Southern Regions Braced For More Rain In Pakistan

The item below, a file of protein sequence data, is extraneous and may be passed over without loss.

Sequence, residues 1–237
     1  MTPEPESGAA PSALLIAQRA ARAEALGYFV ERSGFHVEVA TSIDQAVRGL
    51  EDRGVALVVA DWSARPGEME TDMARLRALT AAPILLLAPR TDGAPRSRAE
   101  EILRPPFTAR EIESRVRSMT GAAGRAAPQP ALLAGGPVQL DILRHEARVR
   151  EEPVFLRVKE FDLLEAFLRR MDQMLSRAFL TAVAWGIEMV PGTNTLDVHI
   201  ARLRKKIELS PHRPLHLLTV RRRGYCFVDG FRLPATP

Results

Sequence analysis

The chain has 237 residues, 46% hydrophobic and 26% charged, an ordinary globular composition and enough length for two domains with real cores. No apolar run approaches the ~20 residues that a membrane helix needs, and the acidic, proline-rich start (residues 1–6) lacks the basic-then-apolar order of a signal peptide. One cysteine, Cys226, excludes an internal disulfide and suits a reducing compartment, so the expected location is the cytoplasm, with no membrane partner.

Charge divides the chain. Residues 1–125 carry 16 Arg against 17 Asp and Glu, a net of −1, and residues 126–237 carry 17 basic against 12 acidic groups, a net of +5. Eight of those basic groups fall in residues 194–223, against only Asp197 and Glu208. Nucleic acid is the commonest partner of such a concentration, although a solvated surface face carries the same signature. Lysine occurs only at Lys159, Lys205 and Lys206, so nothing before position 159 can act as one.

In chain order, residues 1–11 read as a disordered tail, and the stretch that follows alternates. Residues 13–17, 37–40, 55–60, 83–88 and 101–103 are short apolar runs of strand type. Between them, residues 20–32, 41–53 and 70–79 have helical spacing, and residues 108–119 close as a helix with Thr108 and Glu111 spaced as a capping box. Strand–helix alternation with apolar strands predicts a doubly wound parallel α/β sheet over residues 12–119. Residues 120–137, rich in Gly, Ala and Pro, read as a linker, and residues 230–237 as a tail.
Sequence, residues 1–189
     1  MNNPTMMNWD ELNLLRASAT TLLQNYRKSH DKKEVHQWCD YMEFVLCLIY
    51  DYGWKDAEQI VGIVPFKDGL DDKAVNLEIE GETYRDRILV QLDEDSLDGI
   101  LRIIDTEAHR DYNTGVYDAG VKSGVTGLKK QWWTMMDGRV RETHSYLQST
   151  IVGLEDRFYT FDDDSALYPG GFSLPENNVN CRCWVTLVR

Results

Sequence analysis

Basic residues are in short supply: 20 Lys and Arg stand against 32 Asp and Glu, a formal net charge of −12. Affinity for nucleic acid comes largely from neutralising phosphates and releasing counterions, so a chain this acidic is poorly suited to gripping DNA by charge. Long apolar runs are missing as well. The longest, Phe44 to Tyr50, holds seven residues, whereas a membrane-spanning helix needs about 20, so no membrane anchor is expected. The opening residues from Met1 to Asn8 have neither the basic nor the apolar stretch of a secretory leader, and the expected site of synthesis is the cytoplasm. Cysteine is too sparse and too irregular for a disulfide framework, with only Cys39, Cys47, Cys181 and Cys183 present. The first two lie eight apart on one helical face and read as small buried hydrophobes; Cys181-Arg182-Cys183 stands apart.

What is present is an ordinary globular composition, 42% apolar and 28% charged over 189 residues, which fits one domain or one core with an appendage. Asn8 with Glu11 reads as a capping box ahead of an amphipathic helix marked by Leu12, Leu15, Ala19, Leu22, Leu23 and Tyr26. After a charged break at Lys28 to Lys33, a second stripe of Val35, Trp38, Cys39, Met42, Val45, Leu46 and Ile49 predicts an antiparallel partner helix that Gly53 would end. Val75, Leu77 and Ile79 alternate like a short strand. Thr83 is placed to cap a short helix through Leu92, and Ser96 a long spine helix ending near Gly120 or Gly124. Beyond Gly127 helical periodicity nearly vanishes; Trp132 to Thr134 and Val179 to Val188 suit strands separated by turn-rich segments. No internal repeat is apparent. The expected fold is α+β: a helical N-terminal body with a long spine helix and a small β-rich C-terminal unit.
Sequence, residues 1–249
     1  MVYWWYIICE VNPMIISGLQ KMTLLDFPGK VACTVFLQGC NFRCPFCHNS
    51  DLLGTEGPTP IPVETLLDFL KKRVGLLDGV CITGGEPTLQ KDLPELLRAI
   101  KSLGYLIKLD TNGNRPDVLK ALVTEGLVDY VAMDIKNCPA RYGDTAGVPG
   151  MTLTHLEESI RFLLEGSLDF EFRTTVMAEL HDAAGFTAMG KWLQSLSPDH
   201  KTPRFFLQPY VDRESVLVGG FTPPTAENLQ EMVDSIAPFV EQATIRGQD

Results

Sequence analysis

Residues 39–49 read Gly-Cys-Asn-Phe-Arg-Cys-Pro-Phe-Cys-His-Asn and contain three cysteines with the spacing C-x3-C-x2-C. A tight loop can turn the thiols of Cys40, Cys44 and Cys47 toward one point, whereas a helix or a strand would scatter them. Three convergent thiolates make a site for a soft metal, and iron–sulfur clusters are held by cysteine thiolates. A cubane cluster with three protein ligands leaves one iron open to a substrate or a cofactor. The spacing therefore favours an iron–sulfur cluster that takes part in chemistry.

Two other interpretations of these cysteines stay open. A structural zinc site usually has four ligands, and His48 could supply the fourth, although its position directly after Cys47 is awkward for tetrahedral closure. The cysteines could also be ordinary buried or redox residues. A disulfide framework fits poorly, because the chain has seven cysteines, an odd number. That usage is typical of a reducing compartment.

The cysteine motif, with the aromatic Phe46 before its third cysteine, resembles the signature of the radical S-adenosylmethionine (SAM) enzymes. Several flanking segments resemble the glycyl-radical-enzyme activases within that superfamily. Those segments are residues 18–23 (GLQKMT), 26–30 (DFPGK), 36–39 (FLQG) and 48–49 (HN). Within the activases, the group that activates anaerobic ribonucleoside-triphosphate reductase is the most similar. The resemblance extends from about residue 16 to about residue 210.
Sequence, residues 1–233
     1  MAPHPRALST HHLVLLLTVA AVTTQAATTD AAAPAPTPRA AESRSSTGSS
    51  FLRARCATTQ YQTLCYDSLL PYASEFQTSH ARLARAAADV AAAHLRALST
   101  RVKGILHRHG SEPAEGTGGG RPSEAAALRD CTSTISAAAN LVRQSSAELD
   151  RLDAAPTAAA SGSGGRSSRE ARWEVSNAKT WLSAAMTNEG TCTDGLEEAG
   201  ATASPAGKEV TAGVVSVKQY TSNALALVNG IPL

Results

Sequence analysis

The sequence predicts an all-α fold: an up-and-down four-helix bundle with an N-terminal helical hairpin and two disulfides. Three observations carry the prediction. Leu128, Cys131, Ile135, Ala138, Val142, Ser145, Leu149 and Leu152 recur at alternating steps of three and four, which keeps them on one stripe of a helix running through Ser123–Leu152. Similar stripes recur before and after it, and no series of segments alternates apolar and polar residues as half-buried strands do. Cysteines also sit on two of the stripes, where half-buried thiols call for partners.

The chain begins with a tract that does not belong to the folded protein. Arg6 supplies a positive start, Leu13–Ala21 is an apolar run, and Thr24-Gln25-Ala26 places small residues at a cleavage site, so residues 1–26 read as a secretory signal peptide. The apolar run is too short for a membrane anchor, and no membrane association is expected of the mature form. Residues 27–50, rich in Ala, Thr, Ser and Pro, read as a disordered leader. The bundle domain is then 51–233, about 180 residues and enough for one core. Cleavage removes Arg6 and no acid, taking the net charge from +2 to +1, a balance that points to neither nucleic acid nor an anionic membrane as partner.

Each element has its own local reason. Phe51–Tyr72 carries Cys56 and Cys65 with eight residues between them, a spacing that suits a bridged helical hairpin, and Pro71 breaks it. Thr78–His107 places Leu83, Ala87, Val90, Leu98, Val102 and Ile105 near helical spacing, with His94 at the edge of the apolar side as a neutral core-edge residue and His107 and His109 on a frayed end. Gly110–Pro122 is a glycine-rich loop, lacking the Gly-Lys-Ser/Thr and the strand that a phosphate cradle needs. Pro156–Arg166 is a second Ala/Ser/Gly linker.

SOOMRA PANHWARI, Pakistan — Torrential rain was forecast to lash flood-hit Pakistan Sunday, hampering the aid effort and threatening to deepen a crisis affecting 15 million people in the country's worst ever floods. The UN special envoy dispatched to help with the flood relief effort cancelled a flight to stricken areas and Prime Minister Syed Yusuf Raza Gilani also postponed his trip for a day because of the rain. At least 11 people were killed and 31 injured when a truck carrying flood evacuees fell into a ditch on Saturday after skidding off a slippery road in the northwestern district of Lower Dir, police officer Mumtaz Zareen said. Those uprooted from their homes in Sindh have been moved to government buildings, schools and tents, but many families in low-lying areas resisted evacuation, said irrigation minister Jam Saifullah Dharejo. Countries including Britain, China, Australia, France and the United States have pledged tens of millions of dollars in aid for victims of the nearly two-week-old disaster. The United Nations estimates at least 1,600 people have been killed by the floods that have ravaged the largely impoverished, insurgency-hit country, sweeping away entire villages. The flooding has threatened electricity generation plants, forcing units to shut down in a country already suffering a crippling energy crisis. In Khyber Pakhtunkhwa, head of flood relief operations Major General Ghayoor Mehmood said some 1,400 people have been killed, with 213 still missing. Flooding has spread to Indian-held Kashmir, where more than 130 people have died, while some parts of the Punjab are under six feet (two metres) of water, affecting nearly two million people, a senior crisis management official said. More than 252,000 homes are thought to have been damaged or destroyed across Pakistan and 1.38 million acres (558,000 hectares) of farmland flooded, and it could be weeks before electricity is fully restored.